Page images

But since I must survive, and be the monument
Of thy loved memory, I will preserve it
With a religious care, and pay thy ashes
A widow's duty, calling that end best
Which, though it stain the name, makes the soul blest.
Frank. Give me thy hand, poor woman; do not

weep :
Farewell! thou dost forgive me?

Win. 'Tis my part To use that language.

Frank. Oh! that my example Might teach the world hereafter what a curse Hangs on their heads, who rather choose to marry A goodly portion than a dower of virtues ! Are you there, gentlemen ? there is not one Among you whom I have not wrong'd; you most;

(TO CARTER. I robb'd you of a daughter ;-but she is In heaven; and I must suffer for it willingly.

Car. Ay, ay, she's in heaven, and I am glad to see thee so well prepared to follow her. I forgive thee with all my heart; if thou hadst not had ill counsel, thou wouldst not have done as thou didst; the more shame for them!

Som. Spare your excuse to me, I do conceive What you would speak! I would you could as

easily Make satisfaction to the law, as to My wrongs: I am sorry for you.

War. And so am I, And heartily forgive you.

Kath. I will pray for you, For her sake, who, I'm sure, did love you dearly.

Sir Ar. Let us part friendly too; I am asham'd Of my part in thy wrongs.

Frank. You are all merciful, And send me to my grave in peace. Sir Arthur, Heaven send you a new heart !-lastly, to you, sir; And though I have deserv'd not to be call'd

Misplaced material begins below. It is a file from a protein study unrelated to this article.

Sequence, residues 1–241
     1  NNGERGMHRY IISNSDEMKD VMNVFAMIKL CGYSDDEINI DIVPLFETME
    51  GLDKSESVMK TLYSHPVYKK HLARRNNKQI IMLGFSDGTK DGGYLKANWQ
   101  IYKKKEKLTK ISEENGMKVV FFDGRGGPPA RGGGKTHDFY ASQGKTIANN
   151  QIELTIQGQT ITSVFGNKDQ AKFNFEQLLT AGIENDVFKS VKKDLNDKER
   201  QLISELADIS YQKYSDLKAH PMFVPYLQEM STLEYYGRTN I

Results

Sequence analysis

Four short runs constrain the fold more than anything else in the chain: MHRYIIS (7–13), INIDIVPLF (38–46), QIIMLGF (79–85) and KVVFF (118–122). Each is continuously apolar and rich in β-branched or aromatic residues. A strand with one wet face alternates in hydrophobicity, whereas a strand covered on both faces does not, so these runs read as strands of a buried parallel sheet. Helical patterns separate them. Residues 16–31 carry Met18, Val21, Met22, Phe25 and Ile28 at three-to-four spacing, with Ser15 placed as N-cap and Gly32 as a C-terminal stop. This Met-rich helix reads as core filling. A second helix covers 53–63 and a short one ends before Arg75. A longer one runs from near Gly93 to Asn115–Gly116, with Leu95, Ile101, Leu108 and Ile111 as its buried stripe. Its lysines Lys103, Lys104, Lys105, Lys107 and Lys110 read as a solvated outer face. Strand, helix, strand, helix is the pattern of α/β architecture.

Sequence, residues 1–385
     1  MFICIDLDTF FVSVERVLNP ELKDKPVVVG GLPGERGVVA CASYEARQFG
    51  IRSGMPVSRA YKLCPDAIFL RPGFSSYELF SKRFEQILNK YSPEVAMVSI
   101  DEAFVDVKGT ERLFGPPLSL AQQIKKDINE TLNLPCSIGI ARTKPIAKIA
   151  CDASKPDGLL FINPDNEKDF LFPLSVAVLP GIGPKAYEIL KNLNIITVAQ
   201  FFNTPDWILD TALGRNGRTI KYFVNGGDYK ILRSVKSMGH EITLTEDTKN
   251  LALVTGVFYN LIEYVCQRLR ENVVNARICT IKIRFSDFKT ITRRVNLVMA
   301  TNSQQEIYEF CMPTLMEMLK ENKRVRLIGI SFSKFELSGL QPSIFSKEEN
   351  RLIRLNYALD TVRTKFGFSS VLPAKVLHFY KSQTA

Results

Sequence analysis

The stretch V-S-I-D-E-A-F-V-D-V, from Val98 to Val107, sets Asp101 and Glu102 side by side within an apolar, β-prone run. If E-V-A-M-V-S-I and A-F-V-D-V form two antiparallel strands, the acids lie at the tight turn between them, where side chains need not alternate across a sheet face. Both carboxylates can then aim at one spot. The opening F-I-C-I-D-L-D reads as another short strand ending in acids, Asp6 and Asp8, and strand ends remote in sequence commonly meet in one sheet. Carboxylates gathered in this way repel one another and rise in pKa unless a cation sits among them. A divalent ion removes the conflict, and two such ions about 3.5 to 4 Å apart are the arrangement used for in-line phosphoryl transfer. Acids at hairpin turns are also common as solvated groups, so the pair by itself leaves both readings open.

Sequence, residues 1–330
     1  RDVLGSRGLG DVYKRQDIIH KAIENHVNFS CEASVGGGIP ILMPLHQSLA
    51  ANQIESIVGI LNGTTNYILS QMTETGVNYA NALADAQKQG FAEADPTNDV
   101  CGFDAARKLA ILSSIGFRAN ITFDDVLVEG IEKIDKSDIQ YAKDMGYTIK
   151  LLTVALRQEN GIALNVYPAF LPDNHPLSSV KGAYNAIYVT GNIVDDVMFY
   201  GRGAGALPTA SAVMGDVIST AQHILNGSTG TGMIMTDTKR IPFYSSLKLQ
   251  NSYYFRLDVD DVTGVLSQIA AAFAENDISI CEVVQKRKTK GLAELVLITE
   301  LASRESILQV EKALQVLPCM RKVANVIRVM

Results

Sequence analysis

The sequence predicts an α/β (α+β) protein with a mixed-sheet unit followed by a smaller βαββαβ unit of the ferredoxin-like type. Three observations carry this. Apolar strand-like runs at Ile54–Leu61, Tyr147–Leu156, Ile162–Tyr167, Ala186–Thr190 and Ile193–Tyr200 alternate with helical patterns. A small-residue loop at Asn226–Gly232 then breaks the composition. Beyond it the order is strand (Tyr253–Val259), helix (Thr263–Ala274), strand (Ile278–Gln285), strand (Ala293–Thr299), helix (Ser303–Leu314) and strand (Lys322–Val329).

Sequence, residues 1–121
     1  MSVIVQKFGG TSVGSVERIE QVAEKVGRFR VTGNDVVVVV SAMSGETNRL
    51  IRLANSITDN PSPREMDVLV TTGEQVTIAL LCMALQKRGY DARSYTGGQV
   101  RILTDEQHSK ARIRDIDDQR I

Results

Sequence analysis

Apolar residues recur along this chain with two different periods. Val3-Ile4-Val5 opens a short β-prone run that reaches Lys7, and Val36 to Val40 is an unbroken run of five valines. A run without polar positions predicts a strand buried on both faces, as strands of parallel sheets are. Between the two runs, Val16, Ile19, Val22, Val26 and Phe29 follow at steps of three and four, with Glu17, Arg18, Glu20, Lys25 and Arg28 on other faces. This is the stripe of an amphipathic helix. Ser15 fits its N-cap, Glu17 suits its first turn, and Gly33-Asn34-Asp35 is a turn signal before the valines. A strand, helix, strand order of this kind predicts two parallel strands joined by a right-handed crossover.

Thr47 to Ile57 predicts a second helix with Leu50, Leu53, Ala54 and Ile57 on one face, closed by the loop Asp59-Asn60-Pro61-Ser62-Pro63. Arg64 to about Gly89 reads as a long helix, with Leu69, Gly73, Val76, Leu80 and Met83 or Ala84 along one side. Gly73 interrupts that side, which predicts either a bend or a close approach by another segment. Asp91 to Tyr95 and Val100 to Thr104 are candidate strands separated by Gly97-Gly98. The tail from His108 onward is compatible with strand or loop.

Your son, yet give me leave, upon my knees,
To beg a blessing.

Thor. Take it: let me wet
Thy cheeks with the last tears my griefs have left me.
O Frank, Frank, Frank !

Frank. Let me beseech you, gentlemen, To comfort my old father, keep him with you; Love this distressed widow; and as often As you remernber what a graceless man I was, remember likewise that these are Both free, both worthy of a better fate, Than such a son or husband as I have been. All help me with your prayers. On, on; 't is just That law should purge the guilt of blood and lust.

[He is led off by the Officers. Car. Go thy ways; I did not think to have shed one tear for thee, but thou hast made me water my plants spite of my heart. Master Thorney, cheer up, man; while I can stand by you, you shall not want help to keep you from falling: we have lost our children both on 's the wrong way, but we cannot help it; better or worse, 't is now as 't is.

Thor. I thank you, sir; you are more kind than I Have cause to hope or look for.

Car. Master Somerton, is Kate yours or no ?
Som. We are agreed.

Kath. And but my faith is pass’d, I should fear to be married, husbands are so cruelly unkind. Excuse me that I am troubled.

Som. Thou shalt have no cause.
Just. Take comfort, mistress Winnifrede. Sir

For his abuse to you and to your husband,
Is by the bench enjoin'd to pay you down
A thousand marks.

Sir Ar. Which I will soon' discharge. 1 The character of Sir Arthur Clarington is sustained, as Mr. Gifford observes, with care and ability. Terrified, but not reclaimed from his profligacy, by the law, he is every where equally odious; and ends the same mean, heartless, avaricious wretch he showed himself at first.

Win. Sir, 't is too great a sum to be employ'd Upon my funeral."

Car. Come, come; if luck had serv'd, Sir Arthur, and every man had his due, somebody might have tottered ere this, without paying fines; like it as you list. Come to me, Winnifrede, shalt be welcome. Make much of her, Kate, I charge you; I do not think but she's a good wench, and hath had wrong as well as we. So let's every man home to Edmonton with heavy hearts, yet as merry as we can, though not as we would. Just. Join friends in sorrow, make of all the

best: Harms past may be lamented, not redress’d. (Exeunt.


« PreviousContinue »